President's Day List: Five Biographies You Need to Read
President's Day is a time to reflect on the people who've lived in the White House, and how best to learn more about them.
Presidential biographies have always been a huge industry, with a staggering amount of trees felled for books both incredibly dense and analytical and books with whatever unsubstantiated rumor the author could toss in to juice sales.
Sticking with just the modern-era presidents, here are five books you need to read to get to know your presidents better.
5. Dutch, by Edmund Morris This book was vilified when it came out because Morris invented a fictional character to carry the story. This was an extremely odd decision, since Morris was a Pulitzer-winning presidential biographer (three great volumes on Teddy Roosevelt) and he had been granted unprecedented access to the president and White House operations during the Reagan administration.
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We've recently reread this and it's utterly fascinating, particularly on Reagan's early life. The fictional-character conceit still fails, wincingly at times, but Morris admits that after watching Reagan closely for a very long time, he found the same empty enigma everyone else, even Reagan's family, did, and simply had to admit defeat in trying to put together a traditional bio.
4. First in His Class, by David Maraniss David Maraniss won a Pulitzer for his biographical stories on Bill Clinton during the 1992 campaign, and he further developed them in this insightful 1996 book. Obviously there's little of use on the presidency, but Maraniss paints a compelling picture of young Billy Blythe's Arkansas life and his relentless quest for the White House.
3. An Unfinished Life: John Fitzgerald Kennedy, 1979-1963, by Robert Dallek Those who love and hate JFK have a massive library of books to choose from. You can concentrate on his upbringing (JFK: Restless Youth by Nigel Hamilton is good), his presidency's policies and actions (President Kennedy by Richard Reeves is a good place to start), the gossipy, glamorous side (Grace and Power by Sally Bedell Smith) or his assassination (either the tons of conspiracy theory books, or Case Closed by Gerald Posner).
For those seeking an overall summary, the reliable Robert Dallek provides a good survey of all of the micro-examined aspects of Kennedy's life and legacy. Dallek may not be the most compelling writer around, but he's solid and readable.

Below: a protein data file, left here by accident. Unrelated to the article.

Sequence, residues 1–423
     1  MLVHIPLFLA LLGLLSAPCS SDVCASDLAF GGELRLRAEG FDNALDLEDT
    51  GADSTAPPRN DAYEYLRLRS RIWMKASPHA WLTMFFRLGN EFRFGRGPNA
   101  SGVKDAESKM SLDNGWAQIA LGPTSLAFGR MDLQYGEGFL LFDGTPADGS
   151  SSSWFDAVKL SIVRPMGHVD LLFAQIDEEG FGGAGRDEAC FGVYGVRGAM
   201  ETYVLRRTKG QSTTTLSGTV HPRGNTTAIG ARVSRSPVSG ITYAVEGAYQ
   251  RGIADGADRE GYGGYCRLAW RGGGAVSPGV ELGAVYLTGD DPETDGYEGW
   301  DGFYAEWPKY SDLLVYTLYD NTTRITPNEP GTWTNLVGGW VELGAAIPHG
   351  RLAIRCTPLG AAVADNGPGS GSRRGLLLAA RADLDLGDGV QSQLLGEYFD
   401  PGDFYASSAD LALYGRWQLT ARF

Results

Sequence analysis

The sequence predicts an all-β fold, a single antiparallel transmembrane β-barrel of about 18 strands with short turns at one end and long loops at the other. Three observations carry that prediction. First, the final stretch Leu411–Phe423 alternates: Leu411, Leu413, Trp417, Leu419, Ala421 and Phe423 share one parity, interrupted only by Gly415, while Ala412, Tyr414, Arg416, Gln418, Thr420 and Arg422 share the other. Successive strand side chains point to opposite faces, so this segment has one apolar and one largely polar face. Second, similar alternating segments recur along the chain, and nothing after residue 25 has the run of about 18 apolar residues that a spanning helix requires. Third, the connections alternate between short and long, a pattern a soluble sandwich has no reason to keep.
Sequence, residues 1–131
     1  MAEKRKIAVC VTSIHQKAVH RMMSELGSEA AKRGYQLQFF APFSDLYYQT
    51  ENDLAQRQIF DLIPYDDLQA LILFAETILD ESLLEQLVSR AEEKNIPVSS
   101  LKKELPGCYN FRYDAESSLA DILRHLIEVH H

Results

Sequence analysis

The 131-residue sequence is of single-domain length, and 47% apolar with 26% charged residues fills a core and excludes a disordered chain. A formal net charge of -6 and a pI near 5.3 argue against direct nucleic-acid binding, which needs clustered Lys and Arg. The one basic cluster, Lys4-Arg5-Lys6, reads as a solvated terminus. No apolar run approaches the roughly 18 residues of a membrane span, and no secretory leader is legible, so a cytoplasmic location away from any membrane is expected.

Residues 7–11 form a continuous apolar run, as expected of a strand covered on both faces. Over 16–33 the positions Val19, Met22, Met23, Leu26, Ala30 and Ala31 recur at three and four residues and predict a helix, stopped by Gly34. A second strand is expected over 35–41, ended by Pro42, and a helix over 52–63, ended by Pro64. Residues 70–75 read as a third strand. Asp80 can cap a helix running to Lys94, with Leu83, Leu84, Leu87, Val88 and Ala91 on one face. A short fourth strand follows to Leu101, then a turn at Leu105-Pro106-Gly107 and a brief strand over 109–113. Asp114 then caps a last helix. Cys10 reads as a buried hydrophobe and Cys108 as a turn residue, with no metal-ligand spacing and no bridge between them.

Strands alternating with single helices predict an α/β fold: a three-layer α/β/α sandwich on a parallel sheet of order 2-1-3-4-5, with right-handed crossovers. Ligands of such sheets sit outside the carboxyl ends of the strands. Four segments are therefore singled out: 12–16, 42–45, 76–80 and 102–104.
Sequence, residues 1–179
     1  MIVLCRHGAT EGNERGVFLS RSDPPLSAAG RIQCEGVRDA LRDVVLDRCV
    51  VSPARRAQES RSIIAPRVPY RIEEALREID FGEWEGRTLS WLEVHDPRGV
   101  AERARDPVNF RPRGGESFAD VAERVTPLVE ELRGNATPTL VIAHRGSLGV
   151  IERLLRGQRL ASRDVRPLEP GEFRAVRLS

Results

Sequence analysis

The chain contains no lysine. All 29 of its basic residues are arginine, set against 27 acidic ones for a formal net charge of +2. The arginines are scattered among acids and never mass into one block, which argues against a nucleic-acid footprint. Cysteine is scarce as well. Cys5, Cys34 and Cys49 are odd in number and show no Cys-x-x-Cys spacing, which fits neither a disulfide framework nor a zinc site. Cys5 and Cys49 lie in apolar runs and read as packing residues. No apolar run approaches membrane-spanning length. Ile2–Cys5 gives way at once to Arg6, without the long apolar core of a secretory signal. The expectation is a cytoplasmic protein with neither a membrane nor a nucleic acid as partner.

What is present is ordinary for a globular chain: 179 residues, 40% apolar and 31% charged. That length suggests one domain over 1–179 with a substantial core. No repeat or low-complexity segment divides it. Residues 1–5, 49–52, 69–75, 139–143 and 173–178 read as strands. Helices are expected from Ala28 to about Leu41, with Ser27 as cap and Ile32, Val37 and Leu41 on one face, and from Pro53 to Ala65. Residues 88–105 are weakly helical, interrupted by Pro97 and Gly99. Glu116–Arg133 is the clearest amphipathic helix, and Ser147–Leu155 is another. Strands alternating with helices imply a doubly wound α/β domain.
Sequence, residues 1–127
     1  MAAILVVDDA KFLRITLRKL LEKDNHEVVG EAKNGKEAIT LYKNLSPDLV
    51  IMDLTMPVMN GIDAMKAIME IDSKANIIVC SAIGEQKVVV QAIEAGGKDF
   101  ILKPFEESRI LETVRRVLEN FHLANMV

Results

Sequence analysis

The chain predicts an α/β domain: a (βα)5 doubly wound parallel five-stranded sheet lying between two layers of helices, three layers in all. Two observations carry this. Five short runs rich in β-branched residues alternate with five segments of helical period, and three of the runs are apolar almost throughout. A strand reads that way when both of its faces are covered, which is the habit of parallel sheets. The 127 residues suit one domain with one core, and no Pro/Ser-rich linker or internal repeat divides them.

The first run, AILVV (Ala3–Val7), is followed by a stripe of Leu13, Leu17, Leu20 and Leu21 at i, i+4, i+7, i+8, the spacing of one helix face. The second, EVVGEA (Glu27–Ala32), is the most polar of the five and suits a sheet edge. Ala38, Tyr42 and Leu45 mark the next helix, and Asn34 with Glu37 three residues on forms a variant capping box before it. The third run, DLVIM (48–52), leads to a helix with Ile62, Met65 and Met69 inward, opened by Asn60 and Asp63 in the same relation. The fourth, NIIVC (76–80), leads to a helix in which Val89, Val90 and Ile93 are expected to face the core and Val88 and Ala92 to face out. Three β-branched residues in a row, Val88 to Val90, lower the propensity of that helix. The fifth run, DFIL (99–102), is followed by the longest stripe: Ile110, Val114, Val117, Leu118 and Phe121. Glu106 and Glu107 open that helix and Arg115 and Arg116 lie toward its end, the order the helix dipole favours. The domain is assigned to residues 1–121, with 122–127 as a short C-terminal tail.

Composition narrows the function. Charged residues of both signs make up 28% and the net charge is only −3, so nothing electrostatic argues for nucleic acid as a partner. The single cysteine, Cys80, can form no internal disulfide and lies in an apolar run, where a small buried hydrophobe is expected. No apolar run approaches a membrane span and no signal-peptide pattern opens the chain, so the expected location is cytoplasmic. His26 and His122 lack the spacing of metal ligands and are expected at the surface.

2. FDR, by Jean Edward Smith FDR's life is another that can be all but impossible to address in a single volume -- his carefree rise to power, the amazing comeback from a crippling polio attack, the Great Depression, a World War -- it's a lot to cover.
Jean Edward Smith deftly does the job in this clear-eyed but admiring biography, the best introduction to Roosevelt's life out there (Another candidate would be Traitor to His Class: The Privileged Life and Radical Presidency of Franklin Delano Roosevelt, by H.W. Brands). For many these days, FDR is just a faded historical figure in bad black-and-white newsreels, but Smith brings him to life as both a flawed man and the person behind an absolutely incredible administration.
1. The Years of Lyndon Johnson, by Robert Caro Any review of Caro's three volumes (so far) of LBJ biography needn't consist of anything more than "Read these. NOW."
In three books totaling about 2,500 pages and grouped under the above title, Caro hasn't even gotten Johnson to the Kennedy White House yet. He says he will be able to finish the job in just one more book, but we doubt it.
And he can write as many of them as he wants. Never has there been more vivid writing, assiduous research and trenchant insight into an American president and the way power is obtained and used in America.
If you think you don't like Texas history, read the first volume, Path to Power, if only for the chapters on the terribly hard lives of Hill Country farm women isolated without electricity, and how LBJ got it to them.
That first volume was hated by LBJ fans who said it painted a viciously biased portrait of their hero. Were they right? Well, former governor John Connally, the man who knew Johnson as well as anyone, had refused to cooperate with Caro. After he read Path to Power, he called the author up and gave extensive and important interviews.